Get instant access to this case solution for only $19

Hong Kong Dragon Airlines Limited (B) Lease vs. Buy Decision Case Solution

Solution Id Length Case Author Case Publisher
767 1834 Words (5 Pages) Su Han Chan, Ko Wang, Andrew Lee University of Hong Kong : HKU884
This solution includes: A Word File A Word File and An Excel File An Excel File

Hong Kong Dragon Airlines is considering a decision; whether to buy or lease the air plane engine model V2533. Hong Kong Dragon Airlines has detailed data for both the options and the analysis of both the options is under way. This report contains the analysis of the options and recommendations as to which option should be opted to acquire the engine.

The report starts by giving the cash flows for buying option. The cash flows are the tax adjusted figures and are discounted to present values using WACC as the discount rate. The NPV for buying decision turns out to be -$3.438037674.

After the purchase option, the cash flows for the sale and lease back option are given. These cash flow figures are also adjusted for tax and are discounted to present values using WACC. The NPV for sale and lease back option comes out to be -2.282913505.

The WACC of a company does not change with the purchase of an asset out of the cash available at hand. It also does not change if an asset is acquired on rent from another party.  The Weighted Average Cost of Capital of a company changes only when the debt to equity ratio or the tax rate applicable to the company changes. The discount rate is the same for both the options since neither the debt to equity ratio nor the tax rate have changed.

Following questions are answered in this case study solution:

  1. What are the after-tax cash flows relevant to the purchase option and what discount rate should be used for those cash flows?

  2. What are the after-tax cash flows relevant to the sale-and-leaseback option and what discount rate should be used for those cash flows?

  3. What are the pros and cons of each option given in the case?

  4. Perform sensitivity analysis to identify the key bets/assumptions in your decision.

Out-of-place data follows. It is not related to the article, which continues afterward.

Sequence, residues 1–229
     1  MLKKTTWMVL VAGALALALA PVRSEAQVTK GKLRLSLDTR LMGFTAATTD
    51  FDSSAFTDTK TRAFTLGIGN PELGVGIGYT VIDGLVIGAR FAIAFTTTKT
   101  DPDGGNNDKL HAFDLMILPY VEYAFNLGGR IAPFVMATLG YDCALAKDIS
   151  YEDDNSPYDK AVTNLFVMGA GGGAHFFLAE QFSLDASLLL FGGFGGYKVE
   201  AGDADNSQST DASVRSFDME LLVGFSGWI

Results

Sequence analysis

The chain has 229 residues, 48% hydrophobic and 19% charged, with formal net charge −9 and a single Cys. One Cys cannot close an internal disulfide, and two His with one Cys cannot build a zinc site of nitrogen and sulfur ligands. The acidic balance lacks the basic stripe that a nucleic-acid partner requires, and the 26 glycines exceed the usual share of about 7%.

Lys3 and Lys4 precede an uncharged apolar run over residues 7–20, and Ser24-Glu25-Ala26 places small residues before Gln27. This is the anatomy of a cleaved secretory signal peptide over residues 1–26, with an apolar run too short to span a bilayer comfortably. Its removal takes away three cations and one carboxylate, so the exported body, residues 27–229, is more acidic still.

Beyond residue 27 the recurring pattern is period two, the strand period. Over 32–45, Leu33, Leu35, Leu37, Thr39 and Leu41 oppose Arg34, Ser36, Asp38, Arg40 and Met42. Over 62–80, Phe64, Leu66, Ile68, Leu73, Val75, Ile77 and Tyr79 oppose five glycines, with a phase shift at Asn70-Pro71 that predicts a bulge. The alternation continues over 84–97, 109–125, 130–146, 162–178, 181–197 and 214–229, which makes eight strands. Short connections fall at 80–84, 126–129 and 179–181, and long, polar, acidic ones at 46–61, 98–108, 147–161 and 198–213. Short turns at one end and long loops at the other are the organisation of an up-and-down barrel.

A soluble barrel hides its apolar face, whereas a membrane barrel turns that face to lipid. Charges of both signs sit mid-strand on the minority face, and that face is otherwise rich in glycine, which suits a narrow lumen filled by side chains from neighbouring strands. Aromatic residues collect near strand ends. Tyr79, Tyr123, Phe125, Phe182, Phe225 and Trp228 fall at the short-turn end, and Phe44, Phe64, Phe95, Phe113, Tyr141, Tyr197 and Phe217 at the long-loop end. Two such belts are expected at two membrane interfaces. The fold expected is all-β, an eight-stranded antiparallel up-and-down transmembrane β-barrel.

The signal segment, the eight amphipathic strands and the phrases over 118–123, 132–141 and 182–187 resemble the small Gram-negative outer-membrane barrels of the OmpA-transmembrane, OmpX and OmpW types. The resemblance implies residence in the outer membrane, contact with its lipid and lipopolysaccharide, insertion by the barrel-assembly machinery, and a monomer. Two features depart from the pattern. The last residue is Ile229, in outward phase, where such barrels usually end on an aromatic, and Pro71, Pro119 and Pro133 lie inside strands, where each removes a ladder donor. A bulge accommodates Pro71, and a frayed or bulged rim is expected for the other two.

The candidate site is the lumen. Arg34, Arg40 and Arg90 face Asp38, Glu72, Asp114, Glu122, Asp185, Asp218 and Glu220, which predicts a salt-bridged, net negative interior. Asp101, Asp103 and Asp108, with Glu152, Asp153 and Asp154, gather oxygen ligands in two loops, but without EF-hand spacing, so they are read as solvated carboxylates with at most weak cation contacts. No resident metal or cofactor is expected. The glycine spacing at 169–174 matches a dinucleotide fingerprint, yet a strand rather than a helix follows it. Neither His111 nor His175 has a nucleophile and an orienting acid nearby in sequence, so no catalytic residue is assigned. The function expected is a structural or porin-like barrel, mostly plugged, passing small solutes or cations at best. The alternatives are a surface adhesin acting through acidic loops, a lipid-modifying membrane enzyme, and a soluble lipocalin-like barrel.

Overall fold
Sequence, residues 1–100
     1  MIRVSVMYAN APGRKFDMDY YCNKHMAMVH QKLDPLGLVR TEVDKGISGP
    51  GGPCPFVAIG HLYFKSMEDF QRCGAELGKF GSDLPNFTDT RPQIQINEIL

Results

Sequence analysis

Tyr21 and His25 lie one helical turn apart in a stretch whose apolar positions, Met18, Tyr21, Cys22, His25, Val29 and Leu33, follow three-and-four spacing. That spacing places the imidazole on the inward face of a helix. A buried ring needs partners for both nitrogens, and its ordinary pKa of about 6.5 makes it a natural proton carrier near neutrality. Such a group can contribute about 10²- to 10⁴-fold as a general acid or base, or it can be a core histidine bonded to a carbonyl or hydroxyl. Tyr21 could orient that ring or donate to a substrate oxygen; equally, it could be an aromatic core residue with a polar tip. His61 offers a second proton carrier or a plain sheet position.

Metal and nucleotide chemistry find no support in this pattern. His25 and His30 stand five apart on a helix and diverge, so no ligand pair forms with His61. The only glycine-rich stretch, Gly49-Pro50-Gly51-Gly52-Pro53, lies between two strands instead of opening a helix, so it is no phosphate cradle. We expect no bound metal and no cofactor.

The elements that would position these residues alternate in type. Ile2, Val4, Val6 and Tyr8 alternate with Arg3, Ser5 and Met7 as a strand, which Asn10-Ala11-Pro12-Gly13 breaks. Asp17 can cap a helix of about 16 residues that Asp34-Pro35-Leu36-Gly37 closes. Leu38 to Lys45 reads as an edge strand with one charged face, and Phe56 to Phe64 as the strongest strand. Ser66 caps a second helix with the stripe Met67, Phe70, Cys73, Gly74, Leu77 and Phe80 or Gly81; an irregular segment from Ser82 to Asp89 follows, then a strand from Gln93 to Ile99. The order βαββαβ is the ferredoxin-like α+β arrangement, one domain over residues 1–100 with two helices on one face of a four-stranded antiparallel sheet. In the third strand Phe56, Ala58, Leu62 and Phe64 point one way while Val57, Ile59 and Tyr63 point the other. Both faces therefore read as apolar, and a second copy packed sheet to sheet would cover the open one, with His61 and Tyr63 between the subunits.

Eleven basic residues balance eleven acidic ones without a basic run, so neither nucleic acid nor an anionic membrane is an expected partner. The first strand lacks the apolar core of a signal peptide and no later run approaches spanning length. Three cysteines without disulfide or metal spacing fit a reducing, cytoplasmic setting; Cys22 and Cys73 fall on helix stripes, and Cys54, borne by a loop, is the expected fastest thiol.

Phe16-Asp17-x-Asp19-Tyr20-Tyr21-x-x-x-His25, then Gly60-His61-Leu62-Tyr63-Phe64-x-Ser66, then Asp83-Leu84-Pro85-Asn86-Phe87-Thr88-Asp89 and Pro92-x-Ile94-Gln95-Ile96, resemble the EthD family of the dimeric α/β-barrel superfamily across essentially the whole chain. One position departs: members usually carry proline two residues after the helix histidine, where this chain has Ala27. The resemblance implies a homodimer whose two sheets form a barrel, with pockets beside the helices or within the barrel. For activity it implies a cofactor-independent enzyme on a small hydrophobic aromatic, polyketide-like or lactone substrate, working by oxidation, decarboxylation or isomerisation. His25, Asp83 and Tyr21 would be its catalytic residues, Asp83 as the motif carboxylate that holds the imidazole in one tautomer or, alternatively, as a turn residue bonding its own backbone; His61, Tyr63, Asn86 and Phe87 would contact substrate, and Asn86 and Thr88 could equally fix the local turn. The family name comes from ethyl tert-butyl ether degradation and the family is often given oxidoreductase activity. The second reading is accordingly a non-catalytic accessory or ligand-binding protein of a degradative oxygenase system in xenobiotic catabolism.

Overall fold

11630928159.png
41630928159.png
51630928159.png
31630928159.png
61630928159.png
21630928159.png

Hong Kong Dragon Airlines Limited B Lease vs Buy Decision Case Analysis

The sale and lease back option also gives the advantage of maintaining separate reserves for the flight hours and flight cycles so that when the major maintenance becomes due, the huge payment may not become troublesome for the company. However, the lease agreement stipulates that any reserve remaining at the termination of the lease term will remain with the lessor which seems fair because the reserves are accumulated based on the usage of the engine.

These NPV figures have been calculated after taking into account the major maintenance cost that will become due in 2012 because of the usage of the engine.

The merits and demerits of taking either of the options are then stated. The pros of sale and lease back transaction exceed the pros of buying the engine and the cons of lease option are significantly lesser than that of the purchase option which strongly suggests that sale and lease back transaction is the right way to go. This fact has also been supported by the sensitivity analyses.

Towards the end of the report, a sensitivity analysis of the NPV with respect to purchase price and WACC is done. The sensitivity analysis also shows that the sale and lease back option provides least fluctuation in NPV for these two factors which also supports that the sale and lease back transaction should be opted.

1. What are the after-tax cash flows relevant to the purchase option and what discount rate should be used for those cash flows?

Year

Cash Flows

Present value

Feb-06

-1.265470875

-1.265470875

Mar-07

-7.171001625

-6.765095873

Mar-08

0.556807185

0.495556412

Mar-09

0.556807185

0.467506049

Mar-10

0.556807185

0.441043443

Mar-11

0.556807185

0.416078720

Mar-12

0.224307185

-0.076271665

Mar-13

0.556807185

0.370308579

Mar-14

0.556807185

0.349347716

Mar-15

0.556807185

0.329573317

Mar-16

0.556807185

0.310918224

Mar-17

0.556807185

0.293319079

Mar-17

2.26875

1.195149198

NPV

 

-3.438037674

March 2012 cash flows include the major maintenance cost (1.9 million), major maintenance tax shield (1.9million*0.825) and depreciation tax shield.

The cash flow in February 2006 is the down payment of 15% of the estimated price of the aircraft engine assuming that the cost would rise by 3% annually.

The payment in March 2007 is the remaining amount that is payable before delivery.

The remaining cash flows (except for March 2012) are the depreciation tax shields calculate using the formula:

Depreciation tax shield = (Depreciation charge)*(1-tax rate)

The second cash flow in March 2017 is the sale proceeds from the sale of engine. The value of the engine after ten years is assumed to be somewhere between 2.5 million to 3 million. For calculations, 2.75 million (average) is assumed.